I would have paid for this, but because it was not only free but a very good book, I’ll definitely be buying more of her work in the future.

About the Reviewer: Timothy C. Ward is the author of the new fantasy novel, Godsknife: Revolt! which is available from Amazon, as are his other books.

Note about this review: This review first appeared in 2011 on Goodreads and is republished here with permission from Mr. Ward. Other books by Karen Hancock are available at Amazon.


Review of The Man in the High Castle

Review by Lyn Perry

Heads up for those who've not read The Man in the High Castle by Philip K. Dick or seen the series on Amazon Prime - I'm bound to reveal a few spoilers in talking about this story, but I think you can still enjoy the book even though you know where it's going. Just an FYI.

First off, if you're looking for plot and action and interesting character interactions, the TV show is quite a bit better than Philip Dick's original. Dick offers a literary, strongly thematic exploration of an alternative socio-political reality. It's not so much science fiction as a commentary on the then current state of affairs in the US (it was written and set in 1962), and is an obvious speculative musing on 'what might have been.'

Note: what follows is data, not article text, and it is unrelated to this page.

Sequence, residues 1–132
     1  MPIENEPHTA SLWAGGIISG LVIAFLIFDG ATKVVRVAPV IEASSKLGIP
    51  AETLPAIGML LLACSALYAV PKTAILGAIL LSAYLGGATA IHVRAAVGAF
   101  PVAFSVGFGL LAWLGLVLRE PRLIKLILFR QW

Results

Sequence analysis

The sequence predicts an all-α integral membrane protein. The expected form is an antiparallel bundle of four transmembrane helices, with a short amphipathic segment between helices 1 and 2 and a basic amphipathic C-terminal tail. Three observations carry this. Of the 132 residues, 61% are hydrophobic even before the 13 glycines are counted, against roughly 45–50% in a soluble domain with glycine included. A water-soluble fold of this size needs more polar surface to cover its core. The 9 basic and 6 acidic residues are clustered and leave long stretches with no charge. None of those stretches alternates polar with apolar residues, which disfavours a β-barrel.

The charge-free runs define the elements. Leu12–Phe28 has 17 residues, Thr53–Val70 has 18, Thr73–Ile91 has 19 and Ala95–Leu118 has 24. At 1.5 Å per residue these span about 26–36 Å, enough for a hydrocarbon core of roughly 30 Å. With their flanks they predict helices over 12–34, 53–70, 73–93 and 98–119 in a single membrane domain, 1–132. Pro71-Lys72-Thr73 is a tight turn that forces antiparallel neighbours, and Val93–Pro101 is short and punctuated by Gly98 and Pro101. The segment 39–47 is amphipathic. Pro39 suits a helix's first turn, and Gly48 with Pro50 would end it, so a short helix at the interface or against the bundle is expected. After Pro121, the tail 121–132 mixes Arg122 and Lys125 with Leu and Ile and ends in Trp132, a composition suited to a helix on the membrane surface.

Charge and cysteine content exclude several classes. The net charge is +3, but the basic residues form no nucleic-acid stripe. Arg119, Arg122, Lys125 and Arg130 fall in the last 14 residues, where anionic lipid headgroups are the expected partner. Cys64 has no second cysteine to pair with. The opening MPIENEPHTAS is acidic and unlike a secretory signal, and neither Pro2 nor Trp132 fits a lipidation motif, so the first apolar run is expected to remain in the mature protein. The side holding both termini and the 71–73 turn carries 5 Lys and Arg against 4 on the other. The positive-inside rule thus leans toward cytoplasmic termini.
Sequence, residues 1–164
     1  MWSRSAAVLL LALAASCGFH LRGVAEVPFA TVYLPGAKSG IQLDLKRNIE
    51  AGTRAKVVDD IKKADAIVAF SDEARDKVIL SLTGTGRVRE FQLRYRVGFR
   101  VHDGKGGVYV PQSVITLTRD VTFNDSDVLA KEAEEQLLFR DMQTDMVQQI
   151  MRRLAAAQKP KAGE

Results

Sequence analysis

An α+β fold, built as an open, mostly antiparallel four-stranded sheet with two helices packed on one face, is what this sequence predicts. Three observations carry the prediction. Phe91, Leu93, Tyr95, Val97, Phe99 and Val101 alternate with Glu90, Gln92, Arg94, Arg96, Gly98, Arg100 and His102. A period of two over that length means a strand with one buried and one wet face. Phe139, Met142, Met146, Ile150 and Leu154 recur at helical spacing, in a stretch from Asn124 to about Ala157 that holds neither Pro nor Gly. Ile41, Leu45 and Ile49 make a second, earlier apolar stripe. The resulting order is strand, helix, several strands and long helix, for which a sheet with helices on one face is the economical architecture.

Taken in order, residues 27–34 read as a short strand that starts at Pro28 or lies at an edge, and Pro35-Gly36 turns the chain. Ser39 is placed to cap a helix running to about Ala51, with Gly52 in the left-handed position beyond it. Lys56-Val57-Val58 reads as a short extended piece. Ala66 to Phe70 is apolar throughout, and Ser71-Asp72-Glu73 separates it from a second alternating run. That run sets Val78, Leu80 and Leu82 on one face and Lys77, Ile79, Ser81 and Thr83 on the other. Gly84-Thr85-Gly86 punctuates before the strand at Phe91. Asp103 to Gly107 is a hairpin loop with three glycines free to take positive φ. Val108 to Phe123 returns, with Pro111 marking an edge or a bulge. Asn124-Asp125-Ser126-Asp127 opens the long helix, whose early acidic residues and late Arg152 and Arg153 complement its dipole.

The premise, if you are totally unfamiliar with the novel or show, is that Japan and Germany won WW2 and now occupy the west and east coasts of the former United States, respectively. The trope seems quite exhausted today, but I don't think many writers by the 1950s had explored alternative history in quite the same manner; though there were some published, including Bring the Jubilee by Ward Moore (1953) which has the Confederacy winning the Civil War. (Dick says this book was an inspiration for his novel.) The Man in the High Castle, however, doesn't spend a lot of time exploring the inner workings of Japan's and Germany's new regimes; it focuses instead on the interior life of three or four characters as they seek to come to grips with love, loss, work, and future dreams in the occupied states.